Words by: Felicity Martin

The 10 Best Quiet Storm Soul Records, according to Deetron

"Hate to say they just don’t make them like this anymore..."

It’s not often that one album can inspire an entire new genre, but that’s what happened with Smokey Robinson’s 1975 album ‘A Quiet Storm’. After a late-night D.C. radio show in the late ‘70s took its name from that LP, with Robinson’s title cut coming to be the show’s theme song, the format really captivated listeners and a whole new sound was popularised. In terms of genre, this meant R&B ballads and jazz-inflected pop, almost like a soft soul version of soft rock, while in the ’90s it came to include neo-soul.

It’s a genre that Swiss DJ and producer Sam Geiser, aka Deetron, has been inspired by for his forthcoming EP, ‘Body Electric’. Arriving on Gerd Janson’s Running Back label, the sound aesthetic was inspired by quiet storm records, “drawing on influences from the euphoric and pioneering vibe of raves in the early ’90s,” Deetron says. With that in mind, he’s shared his ten favourite records from the genre that have informed his EP, which comes out in full next week – and you can listen to the title cut underneath.

1. Isley Brothers – ‘In Between The Sheets’

“This record got me hooked on the genre and I started to investigate more about quiet storm records and how they often make use of synths and drum machines. The synth break starting at 3:27 was a direct influence for my ‘Body Electric’ EP in terms of sound aesthetics.”

2. Bobby Caldwell – ‘What You Won’t Do For Love’

“I rediscovered this gem a while ago in FlyLo’s amazing ‘Lovers Melt’ mix, one of the best soul records ever made I believe. I absolutely recommend checking out the ‘Lovers Melt’ mix series as well!”

3. Marvin Gaye – ‘Sexual Healing’

“Obviously everybody loves this record, so just stating the obvious. The synth chords, bass and 808 beats are incredible and make this sound weirdly modern and classic at the same time.”

4. Isley Brothers – ‘Footsteps In The Dark’

“I can listen to this over and over again, it’s simply genius. The beats (as used in Thundercat’s – ‘Them Changes’) are simple yet instantly recognisable in the way they are played. Same goes for the 2-tone bassline that builds the tension until it is released in the bliss of the chorus part.”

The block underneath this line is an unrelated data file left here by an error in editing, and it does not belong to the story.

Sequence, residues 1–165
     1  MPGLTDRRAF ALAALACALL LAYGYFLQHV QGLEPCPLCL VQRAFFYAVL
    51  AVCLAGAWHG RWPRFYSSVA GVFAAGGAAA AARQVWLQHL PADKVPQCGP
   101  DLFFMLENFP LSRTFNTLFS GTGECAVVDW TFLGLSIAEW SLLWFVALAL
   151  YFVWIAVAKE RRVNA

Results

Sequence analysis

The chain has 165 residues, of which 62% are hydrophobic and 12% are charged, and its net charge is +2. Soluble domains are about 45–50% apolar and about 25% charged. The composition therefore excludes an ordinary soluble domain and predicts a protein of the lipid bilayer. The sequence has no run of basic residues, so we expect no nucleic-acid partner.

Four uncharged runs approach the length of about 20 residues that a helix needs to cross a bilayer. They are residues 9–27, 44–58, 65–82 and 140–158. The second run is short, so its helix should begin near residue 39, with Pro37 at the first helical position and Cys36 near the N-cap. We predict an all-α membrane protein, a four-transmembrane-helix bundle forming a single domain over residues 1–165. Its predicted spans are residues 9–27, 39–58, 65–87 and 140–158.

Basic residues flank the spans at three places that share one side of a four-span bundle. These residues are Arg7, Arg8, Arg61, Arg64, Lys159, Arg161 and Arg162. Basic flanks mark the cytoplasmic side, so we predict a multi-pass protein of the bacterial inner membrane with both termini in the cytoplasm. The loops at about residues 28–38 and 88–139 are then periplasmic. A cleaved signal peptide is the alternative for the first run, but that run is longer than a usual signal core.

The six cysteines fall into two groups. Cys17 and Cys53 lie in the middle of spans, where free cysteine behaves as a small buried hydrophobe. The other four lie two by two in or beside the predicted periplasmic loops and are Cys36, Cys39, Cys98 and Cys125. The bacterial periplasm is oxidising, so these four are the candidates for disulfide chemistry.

5. Michael McDonald – ‘I Keep Forgetting’

“Massive Michael McDonald fan here, I admit it. Hate to say they just don’t make them like this anymore; dreamy, catchy and full of sensuality without leaning over to the cheesy side (too much!).”

6. Sade – ‘Your Love Is King’

“It’s funny but some small elements can make songs great for me and I am really obsessed with the hi-hats in this tune. They kind of sound like they could be 606/707/727s, as are the bongos. Sade’s otherworldly vocal appearance and the silky chords form the epitome of smoothness!”

7. Smokey Robinson – ‘Quiet Storm’

“So here’s the name-giving record to the (sub-)genre starting with this somewhat weird thrilling synth lead and white noise that introduces the (quiet) storm to come. The bassline and beautiful background choirs are building up to my favourite part of the song starting around 5:05 with the return of the lead sound, which could be a Moog. The whole album is great, in particular the synth bassline on ‘Love Letters’!”

8. Tower Of Power – ‘Love’s Been Gone So Long’

“I only recently discovered Tower Of Power as my father introduced me to their early work and apparently the band is still touring nowadays as well. I’m not normally a big “brass” fan but the horns here combined with an incredibly cool groove just do it for me.”

9. George Duke – ‘Someday’

“The bassline is an all-time favourite, it hits me every time. George Duke was one of the greatest keyboarders ever and not just that. If you need further proof, head over here to check out his live performance at Montreux Jazz 1976.”

10. Stevie Wonder – ‘Part Time Lover’

“It’s all about the synth chords!!”

Listen to Deetron’s ‘Body Electric’:

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